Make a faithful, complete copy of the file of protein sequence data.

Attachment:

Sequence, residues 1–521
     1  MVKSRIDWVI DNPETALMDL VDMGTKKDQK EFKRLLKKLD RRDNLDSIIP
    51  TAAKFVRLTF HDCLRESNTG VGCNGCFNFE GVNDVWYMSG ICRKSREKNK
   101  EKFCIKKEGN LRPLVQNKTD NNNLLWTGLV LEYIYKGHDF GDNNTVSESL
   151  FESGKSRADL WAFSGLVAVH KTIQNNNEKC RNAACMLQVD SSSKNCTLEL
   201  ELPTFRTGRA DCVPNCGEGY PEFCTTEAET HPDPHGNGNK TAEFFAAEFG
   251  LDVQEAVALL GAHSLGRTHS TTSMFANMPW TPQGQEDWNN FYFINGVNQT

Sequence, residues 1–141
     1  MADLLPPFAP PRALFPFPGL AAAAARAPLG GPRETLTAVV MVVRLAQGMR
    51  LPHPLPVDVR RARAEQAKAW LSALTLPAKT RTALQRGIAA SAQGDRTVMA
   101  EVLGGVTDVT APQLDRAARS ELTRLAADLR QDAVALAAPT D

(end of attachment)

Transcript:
Sequence, residues 1–521
     1  MVKSRIDWVI DNPETALMDL VDMGTKKDQK EFKRLLKKLD RRDNLDSIIP
    51  TAAKFVRLTF HDCLRESNTG VGCNGCFNFE GVNDVWYMSG ICRKSREKNK
   101  EKFCIKKEGN LRPLVQNKTD NNNLLWTGLV LEYIYKGHDF GDNNTVSESL
   151  FESGKSRADL WAFSGLVAVH KTIQNNNEKC RNAACMLQVD SSSKNCTLEL
   201  ELPTFRTGRA DCVPNCGEGY PEFCTTEAET HPDPHGNGNK TAEFFAAEFG
   251  LDVQEAVALL GAHSLGRTHS TTSMFANMPW TPQGQEDWNN FYFINGVNQT

Sequence, residues 1–141
     1  MADLLPPFAP PRALFPFPGL AAAAARAPLG GPRETLTAVV MVVRLAQGMR
    51  LPHPLPVDVR RARAEQAKAW LSALTLPAKT RTALQRGIAA SAQGDRTVMA
   101  EVLGGVTDVT APQLDRAARS ELTRLAADLR QDAVALAAPT D